Variance in expression or colloquialism is common even among those who speak the same language.

When my parents brought our family to Canada from England, there were a lot of expressions we used that were interpreted differently in our new country.  This once placed my mother in an embarrassing situation when she was sitting around a table with her co-workers one day discussing the time they each got up in the morning to get ready for work. When it came to my mother’s turn to speak, she said, “My husband knocks me up every morning at 7:30”.

It was only after the laughter had died down did someone explain to her the North American meaning associated with what she had just said.

What To Do

  • Minimize the use of slang and idioms when delivering the message
  • Keep the language used in the message simple and as free as possible from business speak or (dare I say it) sports metaphors.
  • Make clarity and simplicity the goal over showcasing linguistic ability.

Biases

We all have them.  Bias is, after all, shaped by our experiences and who we are.  It becomes an obstacle to effective communication though when we consciously or subconsciously choose to speak only to those who are more likely to understand and agree with us.  It’s natural.  But in leadership, it is also important to extend the reach of our message to those whose biases do not necessarily align with our own.

The workplace, for example, now employs more than one generation of people.  Each generation has its view of the world.  Each generation also has its challenges.  And yet, the messages you send must finds ways to reach and engage everyone to be effective.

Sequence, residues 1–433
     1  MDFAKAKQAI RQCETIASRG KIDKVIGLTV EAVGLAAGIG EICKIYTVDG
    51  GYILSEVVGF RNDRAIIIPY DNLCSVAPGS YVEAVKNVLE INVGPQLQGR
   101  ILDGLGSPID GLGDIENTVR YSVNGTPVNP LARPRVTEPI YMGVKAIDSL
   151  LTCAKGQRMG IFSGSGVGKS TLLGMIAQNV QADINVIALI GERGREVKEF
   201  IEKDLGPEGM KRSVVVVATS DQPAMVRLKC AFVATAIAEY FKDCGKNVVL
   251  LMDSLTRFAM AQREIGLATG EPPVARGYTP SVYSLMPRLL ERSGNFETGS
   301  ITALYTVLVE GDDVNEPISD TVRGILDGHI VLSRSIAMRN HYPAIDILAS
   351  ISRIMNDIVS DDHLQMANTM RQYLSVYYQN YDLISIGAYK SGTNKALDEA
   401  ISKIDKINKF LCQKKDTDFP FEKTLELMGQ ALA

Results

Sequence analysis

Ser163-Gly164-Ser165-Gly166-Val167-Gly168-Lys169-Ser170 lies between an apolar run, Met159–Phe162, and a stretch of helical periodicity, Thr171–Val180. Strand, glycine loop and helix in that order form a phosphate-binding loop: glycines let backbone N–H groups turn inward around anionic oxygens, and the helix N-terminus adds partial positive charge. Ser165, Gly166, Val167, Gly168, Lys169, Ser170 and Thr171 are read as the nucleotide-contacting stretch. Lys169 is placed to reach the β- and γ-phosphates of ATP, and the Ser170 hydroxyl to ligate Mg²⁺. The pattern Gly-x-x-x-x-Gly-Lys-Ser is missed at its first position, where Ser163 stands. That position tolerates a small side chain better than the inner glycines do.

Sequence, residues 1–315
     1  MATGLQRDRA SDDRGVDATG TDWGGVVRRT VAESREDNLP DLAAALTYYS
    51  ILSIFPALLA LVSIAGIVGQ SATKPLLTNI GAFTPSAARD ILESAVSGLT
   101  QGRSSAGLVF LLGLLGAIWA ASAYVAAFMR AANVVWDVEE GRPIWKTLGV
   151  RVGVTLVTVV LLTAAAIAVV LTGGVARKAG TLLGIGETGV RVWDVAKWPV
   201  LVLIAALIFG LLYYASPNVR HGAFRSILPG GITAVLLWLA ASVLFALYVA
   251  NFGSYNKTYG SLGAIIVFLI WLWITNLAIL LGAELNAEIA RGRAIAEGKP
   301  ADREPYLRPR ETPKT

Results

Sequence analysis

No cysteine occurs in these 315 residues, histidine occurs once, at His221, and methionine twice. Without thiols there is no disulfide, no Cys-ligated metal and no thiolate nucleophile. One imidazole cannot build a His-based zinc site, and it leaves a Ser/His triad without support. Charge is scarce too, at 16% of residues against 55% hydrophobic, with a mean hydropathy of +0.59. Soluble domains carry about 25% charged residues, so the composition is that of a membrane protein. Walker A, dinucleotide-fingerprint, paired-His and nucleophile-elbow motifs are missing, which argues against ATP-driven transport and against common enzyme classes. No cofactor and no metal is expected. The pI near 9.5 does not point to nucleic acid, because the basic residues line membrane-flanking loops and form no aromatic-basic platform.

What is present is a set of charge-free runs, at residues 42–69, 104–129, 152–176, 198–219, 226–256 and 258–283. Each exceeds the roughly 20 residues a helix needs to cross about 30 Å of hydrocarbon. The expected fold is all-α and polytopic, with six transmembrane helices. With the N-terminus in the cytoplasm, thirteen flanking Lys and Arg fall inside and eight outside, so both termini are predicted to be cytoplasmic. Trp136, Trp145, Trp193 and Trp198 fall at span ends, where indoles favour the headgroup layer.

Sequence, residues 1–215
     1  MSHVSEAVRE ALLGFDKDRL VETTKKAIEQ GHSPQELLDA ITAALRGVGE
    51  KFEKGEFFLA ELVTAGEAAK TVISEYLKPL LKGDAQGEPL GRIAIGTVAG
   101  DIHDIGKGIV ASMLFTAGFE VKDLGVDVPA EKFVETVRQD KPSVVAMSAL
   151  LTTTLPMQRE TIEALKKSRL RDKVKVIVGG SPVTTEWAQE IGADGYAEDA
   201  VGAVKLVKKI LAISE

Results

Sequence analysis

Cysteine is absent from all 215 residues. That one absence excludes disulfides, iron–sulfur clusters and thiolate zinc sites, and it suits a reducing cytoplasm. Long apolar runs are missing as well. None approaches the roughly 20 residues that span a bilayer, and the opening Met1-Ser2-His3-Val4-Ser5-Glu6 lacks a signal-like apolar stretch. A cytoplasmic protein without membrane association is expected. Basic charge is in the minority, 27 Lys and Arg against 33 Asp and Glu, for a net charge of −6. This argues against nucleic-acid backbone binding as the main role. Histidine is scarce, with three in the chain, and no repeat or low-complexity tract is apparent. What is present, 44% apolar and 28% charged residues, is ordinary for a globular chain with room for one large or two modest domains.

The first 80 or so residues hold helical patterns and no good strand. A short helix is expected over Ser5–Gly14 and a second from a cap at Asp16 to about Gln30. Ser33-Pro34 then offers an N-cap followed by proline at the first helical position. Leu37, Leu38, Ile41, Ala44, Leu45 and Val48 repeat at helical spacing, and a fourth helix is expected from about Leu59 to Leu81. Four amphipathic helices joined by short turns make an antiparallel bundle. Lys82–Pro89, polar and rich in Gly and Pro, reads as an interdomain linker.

What To Do

  • Acknowledge your own biases first
  • Look through the lens of those who are least likely to align with your views
  • Listen.
  • Fashion your message to include something that everyone can relate to.

Assumptions

It was Oscar Wilde who said, “When you assume, you make an ass out of U and Me”  

Assumptions sabotage effective communication and have the potential to lead everyone down unintended paths.  For instance, you may assume that because people are nodding while you speak, they understand and agree with what you are saying. Similarly, if you invite questions about your message and get none, it would be easy to assume there are none.   The truth is, few people will risk the potential embarrassment of being the only one who doesn’t agree with or understand your message or doesn’t know what to ask.   To assume they do would be a mistake.

What to do

  • Work on the basis that all your assumptions could be false
  • Make your assumptions known to others to determine their validity
  • Anticipate questions and concerns that could come out of your message and bring them up to encourage conversation

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Communication barriers are always going to be with us because humans are complex beings. I think that’s what makes it a challenge…and sometimes a great source of fun.  The following is a fine illustration of how easily we can get things wrong even in everyday conversation.